The sentence of Court of Justice of the European Union (CJEU) against the sanctions imposed for non-compliance with the declaration of goods or rights located abroad Through the so-called model 720, it opens up several unknowns about the consequences it could have for individuals, companies and the public treasury. The CJEU understands that model 720 violates the principle of free movement of capital within the European Union, that the indescribable violations established by the norm are contrary to the law and that it is a disproportionate sanctions regime for abusiveall of which could force the Administration to return a minimum of 230 million euros raised in various processes of withdrawal of assets abroad.
Was the Government of Mariano Rajoy which approved the standard in 2012, directly linked to tax amnesty -which in this case went into the Constitutional Court-, with the aim of establishing a scheduled regulatory mechanism. The Ministry of Finance headed by Christopher Montoro he reserved the function of stick to one measure, and to the other, that of root. Model 720 began to be overturned from 2013, but sanction procedures were hardly processed from 2019 due to the possibility that European magistrates would invalidate it. This gesture of prudence is fully justified in the light of the sentence. Now a waiting period has opened up for the possibility that those who have been sanctioned can claim the refund of what was paid to the treasury.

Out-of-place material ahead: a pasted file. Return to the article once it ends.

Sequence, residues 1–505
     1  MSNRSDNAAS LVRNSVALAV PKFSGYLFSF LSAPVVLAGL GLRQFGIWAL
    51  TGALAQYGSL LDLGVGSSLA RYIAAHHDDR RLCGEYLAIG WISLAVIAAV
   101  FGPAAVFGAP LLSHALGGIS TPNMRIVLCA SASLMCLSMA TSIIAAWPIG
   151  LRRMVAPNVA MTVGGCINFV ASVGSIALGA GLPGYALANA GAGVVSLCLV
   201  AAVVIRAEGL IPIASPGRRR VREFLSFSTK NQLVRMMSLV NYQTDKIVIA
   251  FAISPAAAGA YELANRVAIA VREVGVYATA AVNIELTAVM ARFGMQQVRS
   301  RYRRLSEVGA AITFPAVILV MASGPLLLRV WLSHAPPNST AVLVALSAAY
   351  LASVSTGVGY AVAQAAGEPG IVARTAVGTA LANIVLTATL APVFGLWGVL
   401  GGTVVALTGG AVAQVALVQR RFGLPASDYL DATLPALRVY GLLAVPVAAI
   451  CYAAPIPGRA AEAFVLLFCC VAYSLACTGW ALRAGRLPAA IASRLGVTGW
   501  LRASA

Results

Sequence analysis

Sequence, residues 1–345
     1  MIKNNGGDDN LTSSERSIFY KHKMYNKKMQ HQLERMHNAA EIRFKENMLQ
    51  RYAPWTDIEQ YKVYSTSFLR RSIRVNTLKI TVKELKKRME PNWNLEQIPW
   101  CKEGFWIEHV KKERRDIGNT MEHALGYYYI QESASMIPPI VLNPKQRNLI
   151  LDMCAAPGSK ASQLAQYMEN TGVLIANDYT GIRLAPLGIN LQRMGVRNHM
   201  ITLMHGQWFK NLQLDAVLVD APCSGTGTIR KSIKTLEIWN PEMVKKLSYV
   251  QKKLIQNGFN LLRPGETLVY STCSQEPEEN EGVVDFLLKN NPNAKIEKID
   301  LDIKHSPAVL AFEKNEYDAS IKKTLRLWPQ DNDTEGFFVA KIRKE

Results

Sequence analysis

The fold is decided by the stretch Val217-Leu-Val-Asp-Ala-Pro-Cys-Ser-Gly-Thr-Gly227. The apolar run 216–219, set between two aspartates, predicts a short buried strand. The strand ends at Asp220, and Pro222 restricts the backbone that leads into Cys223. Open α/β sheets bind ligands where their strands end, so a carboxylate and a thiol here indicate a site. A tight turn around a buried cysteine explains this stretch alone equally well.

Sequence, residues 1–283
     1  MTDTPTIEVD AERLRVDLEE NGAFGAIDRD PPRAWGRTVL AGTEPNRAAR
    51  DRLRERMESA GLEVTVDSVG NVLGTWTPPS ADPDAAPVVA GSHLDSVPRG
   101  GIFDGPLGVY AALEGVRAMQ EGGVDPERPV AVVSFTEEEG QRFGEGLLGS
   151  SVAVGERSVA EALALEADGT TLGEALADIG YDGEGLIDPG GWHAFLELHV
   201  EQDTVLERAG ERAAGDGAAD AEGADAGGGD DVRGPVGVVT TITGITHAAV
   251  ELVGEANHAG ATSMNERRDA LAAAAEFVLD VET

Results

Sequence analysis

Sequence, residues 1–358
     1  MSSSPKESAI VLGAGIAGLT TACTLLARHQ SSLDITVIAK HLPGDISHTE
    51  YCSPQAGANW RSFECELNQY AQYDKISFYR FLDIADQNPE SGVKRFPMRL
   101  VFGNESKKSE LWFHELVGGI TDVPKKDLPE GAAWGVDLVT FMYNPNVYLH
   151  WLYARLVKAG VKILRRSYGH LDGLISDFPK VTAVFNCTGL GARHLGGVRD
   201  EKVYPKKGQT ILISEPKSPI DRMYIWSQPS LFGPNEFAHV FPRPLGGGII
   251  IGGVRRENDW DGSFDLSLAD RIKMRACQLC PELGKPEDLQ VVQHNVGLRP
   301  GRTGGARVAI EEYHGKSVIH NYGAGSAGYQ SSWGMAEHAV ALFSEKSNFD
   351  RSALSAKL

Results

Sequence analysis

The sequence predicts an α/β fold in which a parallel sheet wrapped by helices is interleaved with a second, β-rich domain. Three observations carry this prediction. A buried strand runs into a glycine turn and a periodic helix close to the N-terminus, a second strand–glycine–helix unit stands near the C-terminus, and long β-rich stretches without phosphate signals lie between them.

Beyond the battle for European justice to a poorly reasoned sanction regime, which would affect not only potential fraudsters but also immigrants with properties in their country of origin and requiring a technical adjustment that the government already had in its portfolio, the HvJEU stated that the free movement of capital in the EU. There must certainly be resources to avoid the concealment of assets for the purpose of tax evasion, and the application of the now questioned rule has allowed 88 000 million euros to emerge. But within the Community regulatory framework, the flight of capital to countries with more than lax control and taxation outside the borders of the Union and the circulation and possession of capital and goods within the community’s economic spacewith information exchange procedures they have nothing to do with the opacity of tax havens.
The European Union does have a pending issue in terms of tax harmonization, which more and more member states are willing to address. When the United States proposed the standardization of corporate income tax for large corporations in order to combat precisely avoidance practices and downward tax competition, the most influential voices in the European Union enthusiastically joined such an initiative. The way forward is not through rules that can be understood as questioning the free movement of capital and goods within the EU, but through the reconsideration, within the Twenty-seven, of tax models such as those of Ireland, the Netherlands and Luxembourg, clearly oriented to act as a tax haven in practice. In addition, of course, the constant pursuit of capital flight to third countries.